October 31, 2019 12:45 PM, EDT

Bendix Prepares for Electronic Braking Transition

Company Partners With Noregon for Next-Gen Diagnostics Tool
TJ Thomas, director of marketing and customer solutions for Bendix’s controls businessTJ Thomas, director of marketing and customer solutions for Bendix’s controls business, said two trends are taking shape in trucking: highly automated driving and e-mobility. (John Sommers II for Transport Topics)

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ATLANTA — Bendix Commercial Vehicle Systems outlined its plans to support the trucking industry’s upcoming transition toward electronic braking systems and the introduction of automated steering controls in the commercial vehicle market.

The supplier of braking and safety systems for commercial trucks also announced a range of product enhancements during an Oct. 30 press conference here at the 2019 North American Commercial Vehicle Show.

Bendix said it is preparing for a shift toward electronic braking systems, or EBS, in the North American market to support truck manufacturers as they introduce automated and electric vehicles.

“Highly automated driving and e-mobility are two significant trends that are taking shape in our industry, and they’re creating new demands for our brake system,” said TJ Thomas, director of marketing and customer solutions for Bendix’s controls business.

EBS, which uses electronic control signals, essentially is an extension of today’s antilock braking systems, he said, adding that Bendix’s parent company, Knorr-Bremse, has offered EBS as a proven technology in Europe for many years.

“We predict within three to five years, EBS will become standard in many applications in North America,” Thomas said. “We believe the time is right to start educating and making the general market aware of this technology.”

Bendix also announced future hardware and software upgrades for its Wingman Fusion collision mitigation system.

Wingman Fusion will utilize new forward radar and camera sensors along with side-facing radar through a previously announced partnership between Knorr-Bremse and Continental.

The new capabilities will enable automated steering features such as lane keeping assist and lane centering, the company said.

The upgrades also will support new driver assistance features, including traffic jam assist, highway assist and pedestrian and cyclist alerts.

Bendix said it expects these new features to become available in the next two years.

A view of the Bendix exhibit at NACV

A view of the Bendix exhibit at the 2019 North American Commercial Vehicle Show in Atlanta. (John Sommers II for Transport Topics)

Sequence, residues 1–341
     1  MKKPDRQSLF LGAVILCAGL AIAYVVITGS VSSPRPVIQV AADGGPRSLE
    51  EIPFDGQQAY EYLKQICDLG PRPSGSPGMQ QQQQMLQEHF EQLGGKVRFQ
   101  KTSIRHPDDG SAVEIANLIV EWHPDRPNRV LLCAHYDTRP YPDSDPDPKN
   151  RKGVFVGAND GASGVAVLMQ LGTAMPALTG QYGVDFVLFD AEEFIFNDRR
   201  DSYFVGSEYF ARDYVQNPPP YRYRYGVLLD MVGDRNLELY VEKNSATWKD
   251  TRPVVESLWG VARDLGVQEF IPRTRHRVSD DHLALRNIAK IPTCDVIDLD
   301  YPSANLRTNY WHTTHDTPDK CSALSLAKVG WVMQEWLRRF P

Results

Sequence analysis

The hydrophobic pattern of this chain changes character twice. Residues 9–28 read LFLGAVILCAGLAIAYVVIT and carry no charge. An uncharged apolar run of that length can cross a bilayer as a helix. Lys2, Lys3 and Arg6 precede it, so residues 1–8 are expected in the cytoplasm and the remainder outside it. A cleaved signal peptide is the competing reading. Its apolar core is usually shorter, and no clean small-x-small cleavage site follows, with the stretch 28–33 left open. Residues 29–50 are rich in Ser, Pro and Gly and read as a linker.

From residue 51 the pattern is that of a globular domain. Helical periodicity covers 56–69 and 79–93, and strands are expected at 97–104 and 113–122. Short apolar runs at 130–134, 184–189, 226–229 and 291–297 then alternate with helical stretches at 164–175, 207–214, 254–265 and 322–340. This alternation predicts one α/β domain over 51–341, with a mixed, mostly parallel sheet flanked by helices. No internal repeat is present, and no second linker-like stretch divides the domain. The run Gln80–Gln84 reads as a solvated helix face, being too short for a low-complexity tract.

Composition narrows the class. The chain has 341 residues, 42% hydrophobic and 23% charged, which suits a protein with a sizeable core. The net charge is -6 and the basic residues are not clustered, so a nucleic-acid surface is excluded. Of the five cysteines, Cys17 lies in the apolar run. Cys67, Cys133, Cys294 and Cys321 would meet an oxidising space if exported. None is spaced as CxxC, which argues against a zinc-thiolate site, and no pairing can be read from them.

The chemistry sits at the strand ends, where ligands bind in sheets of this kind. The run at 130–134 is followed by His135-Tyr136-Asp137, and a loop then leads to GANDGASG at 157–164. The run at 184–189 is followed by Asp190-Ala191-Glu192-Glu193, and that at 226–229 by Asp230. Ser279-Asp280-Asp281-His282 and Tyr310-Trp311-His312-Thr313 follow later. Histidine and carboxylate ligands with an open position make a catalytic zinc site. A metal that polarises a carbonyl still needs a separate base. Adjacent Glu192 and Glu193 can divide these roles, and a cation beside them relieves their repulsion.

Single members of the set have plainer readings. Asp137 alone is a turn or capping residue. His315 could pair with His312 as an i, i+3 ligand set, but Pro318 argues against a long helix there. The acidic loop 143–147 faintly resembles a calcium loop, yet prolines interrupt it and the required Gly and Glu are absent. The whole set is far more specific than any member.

Meanwhile, Bendix also said it will offer an enhanced diagnostic system for technicians to troubleshoot and repair its components and systems.

Bendix announced it has partnered with truck-repair software firm Noregon to develop this next-generation diagnostic tool, dubbed ACom PRO.

Thomas said the new version will provide significant time savings for technicians — in some cases 20 minutes or more depending on the repair.

ACom PRO also will introduce a system-level view of the electronic control units on the vehicle, rather than requiring technicians to manually select which ECUs they’re troubleshooting.

“In the future, with ACom PRO, those ECUs will be clearly laid out,” Thomas said. “There will be no guesswork.”

Technicians also will be able to utilize Noregon’s NextStep fault guidance application, a web-based tool that technicians can use to view troubleshooting steps, he said.

Bendix also cited growing adoption of active safety technology.

The company announced that its forward collision mitigation systems have been deployed on more than 250,000 vehicles since introducing its earliest Wingman product in 2009.

Wingman safety systems are available on most Class 8 truck makes in North America.

Bendix also pointed to rising adoption of air disc brakes compared with traditional drum brakes.

Keith McComsey, director of marketing and customer solutions for Bendix’s wheel end business unit

Keith McComsey, director of marketing and customer solutions for Bendix's wheel end business unit, said today, nearly one-third of all trucks are built with air disc brakes. 

The company now has deployed more than 3 million air disc brakes, said Keith McComsey, director of marketing and customer solutions for Bendix’s wheel end business unit.

“Today, nearly one-third of all trucks are built with air disc brakes, and 16% of all trailers are built with air disc brakes,” McComsey said. “And we expect that growth to continue in the coming years.”

To help keep pace with that demand, Bendix is building a 130,0000-square-foot addition to its wheel-end manufacturing plant in Bowling Green, Ky. The company expects the plant addition to become operational in the fourth quarter of 2020.

Bendix also said it is introducing pad-wear sensing on all versions of its ADB22X air disc brake.

This wear-sensing technology determines when a pad is nearing its replacement period and provides a signal through telematics to help fleets schedule maintenance proactively.

The supplier also said it will add a tractor-trailer controller area network, or TT-CAN, to its TABS-6 Advanced multichannel trailer roll stability system in early 2020. The upgrade is designed to prepare the product for deeper integration of trailer and tractor technology.

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